The government’s wages policy also limits backdating of the agreement to the first day of the month in which an in-principle agreement (i.e. an agreement at the negotiating table) is reached. For an agreement to be backdated to 1 July, in-principle agreement must be reached by 31 July.
The QTU has gone to some lengths to make a 1 July date possible after the Newman government delayed the last agreement by two months. The date is significant to defined benefit superannuants. So, as we did in 2012, the QTU will conduct a ballot of members before 31 July about the best available government offer. The Union may recommend acceptance of the offer or, as in 2012, recommend that the offer be rejected, but members will have a vote in a school-based ballot conducted by the QTU.
The alternative to an unacceptable offer is industrial action. The Newman-era legislation only allows an application for industrial action to be made one month before the end of the agreement, i.e. 1 June. The Union knows from 2012 experience that the ballot – which must be conducted by the ECQ – takes about 10 weeks. The application was lodged on 1 June by the QTU and the closing date for the ballot is 8 August. Any industrial action will occur well into August.
The ballot will be an individual postal ballot asking QTU members to endorse at least one full day strike and work bans, though the questions will be generic to allow us flexibility of action. While the ECQ ballot is essential, any specific industrial action to be taken will be decided by members in a QTU ballot.
Under legislation, at least 50 per cent of those on the roll must vote in the ECQ ballot for industrial action, and at least 50 per cent of those voting must support the action for it to be authorised. This is not easy to achieve in a voluntary ballot, and since 2012 the QTU has been the only union in Queensland successful in doing so.
More information about the progress of negotiations and the current state of enterprise bargaining will be posted to the QTU website during the school holidays for those interested in keeping abreast of developments.
The state budget and superannuation
Judging by member feedback, there is some confusion about the state government’s decision to repatriate $4bn from the defined benefit superannuation fund to pay down debt and to fund infrastructure projects. This has been exacerbated by some sensationalised media reporting and political games. In fact, there is no or little cause for concern.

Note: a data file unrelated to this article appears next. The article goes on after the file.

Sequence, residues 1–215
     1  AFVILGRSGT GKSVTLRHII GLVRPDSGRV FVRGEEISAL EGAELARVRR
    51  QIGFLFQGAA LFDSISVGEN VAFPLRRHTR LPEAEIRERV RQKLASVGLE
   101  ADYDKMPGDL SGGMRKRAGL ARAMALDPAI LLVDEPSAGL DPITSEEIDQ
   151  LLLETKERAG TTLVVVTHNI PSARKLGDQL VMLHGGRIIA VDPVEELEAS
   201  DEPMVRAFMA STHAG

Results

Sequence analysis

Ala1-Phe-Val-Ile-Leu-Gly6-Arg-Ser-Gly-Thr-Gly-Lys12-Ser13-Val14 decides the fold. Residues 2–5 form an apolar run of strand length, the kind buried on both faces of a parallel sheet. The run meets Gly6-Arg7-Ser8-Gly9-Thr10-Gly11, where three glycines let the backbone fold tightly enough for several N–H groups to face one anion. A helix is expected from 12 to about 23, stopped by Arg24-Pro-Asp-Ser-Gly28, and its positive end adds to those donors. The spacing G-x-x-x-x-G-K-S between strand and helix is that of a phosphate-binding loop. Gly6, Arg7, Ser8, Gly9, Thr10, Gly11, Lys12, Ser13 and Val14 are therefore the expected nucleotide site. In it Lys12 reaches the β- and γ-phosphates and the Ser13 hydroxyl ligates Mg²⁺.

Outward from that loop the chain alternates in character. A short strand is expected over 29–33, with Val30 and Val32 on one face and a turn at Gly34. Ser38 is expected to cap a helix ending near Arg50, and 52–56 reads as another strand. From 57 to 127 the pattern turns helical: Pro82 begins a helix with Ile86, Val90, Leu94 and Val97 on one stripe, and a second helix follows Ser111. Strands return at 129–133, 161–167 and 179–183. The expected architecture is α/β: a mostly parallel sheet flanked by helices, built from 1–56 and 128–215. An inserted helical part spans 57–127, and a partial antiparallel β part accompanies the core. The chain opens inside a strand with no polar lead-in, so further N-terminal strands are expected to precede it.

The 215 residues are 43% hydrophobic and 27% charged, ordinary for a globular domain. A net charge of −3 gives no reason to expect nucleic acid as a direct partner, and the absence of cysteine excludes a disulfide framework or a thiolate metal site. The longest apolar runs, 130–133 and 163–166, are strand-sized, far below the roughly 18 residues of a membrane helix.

The defined benefit fund is closed to new contributors and the percentage of state government employees in the defined benefit superannuation scheme is now below half. Uniquely, the defined benefit scheme in Queensland is fully funded, i.e. money has been set aside and invested to provide for the retirement benefits rather than the benefits being paid from the state budget when employees retire. Whether fully funded or not, the retirement benefits of individual employees are calculated under and guaranteed by state legislation.
An actuarial assessment has shown that there is between $4bn and $10bn more in the fund than is needed to pay out all contributors when they retire. The money beyond what is required for retirement benefits is state government money which can either be left there or used for other purposes without affecting the retirement benefits of members of the scheme.
If the money was taken from the accounts of employees covered by an accumulation superannuation scheme, it would be a very different proposition, but not with the defined benefits scheme.
The QTU is confirming the precise details with the government, and in fact would have preferred a greater proportion to be spent on infrastructure. There is no impact on the retirement benefits of QTU members in the defined benefit superannuation scheme.
Authorised by Graham Moloney, General Secretary, Queensland Teachers' Union
QTU stands in solidarity
The Queensland Teachers’ Union wishes to express its shock at the killing of 17 people at the Marjory Stoneman Douglas High School in Parkland, Florida, and stands in solidarity with the many brave teachers who risked their own lives to protect the students in their care.
These horrific events reveal the deep commitment and bravery of members of our profession under the most extreme of circumstances, and we are proud to stand with them at this terrible time.QTU, 16 Feb 2018